Why do men account for less than 25% of the University of Cape Town (UCT) students who take advantage of the Student Wellness Service (SWS), when they are at most risk of suicide or attempted suicide? This complex question, along with others, surfaced during an engaging all-male panel discussion made up of mental health experts, health practitioners and student representatives during the recently held Men’s Dialogue for Mental Health.
Facilitator, Umana Niwenshuti, a humanities PhD student, noted that the discussion was designed to hear and examine men’s experiences. Balance, checking in, compassion, conversation, health, hope, perspective, and vulnerability were keywords used by the audience to initially define mental health, and these themes were picked up by the panel.
“As African men we can talk about anything, but not about mental health. We cannot be vulnerable and admit we need to see a psychologist.”
Zamokuhle Mabaso, a SWS Principal Nurse Practitioner, was initially drawn to the field of men’s mental health by the incongruity shown in men, who would actively look after their appearance and career, but not their own mental health. Mabaso shared about the tragic passing of his older brother to suicide when in high school. “As African men we can talk about anything, but not about mental health. We cannot be vulnerable and admit we need to see a psychologist. I lost my brother, and as a result I want to be able to help others, so they do not lose their lives,” he said. Mabaso said that he has started to witness progress, with men starting to understand that what they have been taught or observed at home may not be as applicable in this new millennium.
A new emotional language
“Even five years ago, male students would not have been as willing to engage with SWS as they are today,” said SWS medical officer Dr Andrew Young, who has been working with between 40 and 50 students at any one time for the past several years. He said it’s about creating a new language in order to be able to talk about issues, to separate oneself from one’s triggers, to discuss attitudes with peers and encourage one another to ask for help.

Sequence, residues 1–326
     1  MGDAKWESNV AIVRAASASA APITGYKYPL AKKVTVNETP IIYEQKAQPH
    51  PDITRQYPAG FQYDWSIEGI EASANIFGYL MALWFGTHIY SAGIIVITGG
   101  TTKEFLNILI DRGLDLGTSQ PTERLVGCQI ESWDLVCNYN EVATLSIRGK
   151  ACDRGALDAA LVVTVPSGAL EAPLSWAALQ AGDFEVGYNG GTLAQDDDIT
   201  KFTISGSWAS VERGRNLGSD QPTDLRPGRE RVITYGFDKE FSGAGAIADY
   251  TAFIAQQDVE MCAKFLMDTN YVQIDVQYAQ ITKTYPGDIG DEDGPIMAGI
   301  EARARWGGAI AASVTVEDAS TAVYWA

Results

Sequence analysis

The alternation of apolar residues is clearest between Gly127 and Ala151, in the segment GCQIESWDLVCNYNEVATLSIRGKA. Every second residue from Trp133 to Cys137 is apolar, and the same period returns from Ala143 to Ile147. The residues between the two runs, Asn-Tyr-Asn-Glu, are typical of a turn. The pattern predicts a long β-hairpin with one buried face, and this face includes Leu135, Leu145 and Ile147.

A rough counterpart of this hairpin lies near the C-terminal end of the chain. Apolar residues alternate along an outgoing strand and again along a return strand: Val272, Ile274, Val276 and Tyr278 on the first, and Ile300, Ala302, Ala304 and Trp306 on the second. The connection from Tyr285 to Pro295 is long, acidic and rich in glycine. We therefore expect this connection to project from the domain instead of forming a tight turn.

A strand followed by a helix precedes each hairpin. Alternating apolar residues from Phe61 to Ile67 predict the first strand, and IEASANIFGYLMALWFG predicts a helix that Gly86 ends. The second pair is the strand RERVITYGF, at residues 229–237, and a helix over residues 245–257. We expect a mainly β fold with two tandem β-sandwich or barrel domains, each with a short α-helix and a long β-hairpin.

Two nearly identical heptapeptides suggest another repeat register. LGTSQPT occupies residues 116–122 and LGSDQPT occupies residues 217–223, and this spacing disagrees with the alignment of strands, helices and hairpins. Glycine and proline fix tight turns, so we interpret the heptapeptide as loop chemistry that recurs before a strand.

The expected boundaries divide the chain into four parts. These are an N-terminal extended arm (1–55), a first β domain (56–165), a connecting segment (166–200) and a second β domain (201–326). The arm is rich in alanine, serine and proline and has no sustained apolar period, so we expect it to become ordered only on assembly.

“If men come from a home without a strong father figure, they often live as if they are solely responsible for their success. They end up cracking. The pressure to save siblings and serve one’s family becomes a compulsion, but it is so intense that life begins to unravel, followed by depression,” he said.
“Many communities do not understand that by pursuing the ‘agenda of the soul’ we will sustain the physical.”
Pura Mgolombane, the executive director of the Department of Student Affairs (DSA), advanced the theme of language and hope with the challenge that while almost every culture wishes peace on the souls of those who have passed, they mostly do not invest in the care of the soul required for a healthy life. “Many communities do not understand that by pursuing the ‘agenda of the soul’ we will sustain the physical,” said Mgolombane. “This is conceptualised at DSA with the idea that we need to rekindle the embers of our souls and rehabilitate them to the point at which they radiate, so that we can flourish,” he said.
Fragility and vulnerability
“At university, the challenge is the feeling that you do not fit in,” said Same Malatji, a UCT residence representative, who said that he agrees that the most fragile thing about a man is his ego yet points out the irony that by being vulnerable rather than egotistical, a person is seen and heard far more readily.
Public health master’s student Enkosi Simelane is a registered social worker fulfilling the role of SWS Peer Counsellor. He also voiced the concern that many male students do not display positive health-seeking behaviours and asked how spaces could be created within the university to help those who are not looking for assistance.
“In mental health, you need to know when and where to help. You can’t pour from an empty jug.”
Reflecting on his own experience, Simosenkosi Tshambi, a SWS Mental Health Peer Educator, said he found that he was able to give others a safe space to share their burdens once he had self-initiated a safe place for himself. “The ‘burden of expectation’ is so great on students that we fear disappointing people. But first we must be careful not to disappoint ourselves. In mental health, you need to know when and where to help. You can’t pour from an empty jug,” he said.
While UCT provides significant expertise and assistance to students, Tshambi encouraged the audience to take their mental health seriously by setting measurable goals, having an accountability buddy, and starting the conversation with UCT student wellness.
Dr Memory Muturiki, the director of SWS, concluded the inclusive discussion by thanking panel and audience participants.
More information about the Student Wellness Service can be found on the website. Call SWS medical services: 021 650 1020, and counselling services: 021 650 1017.
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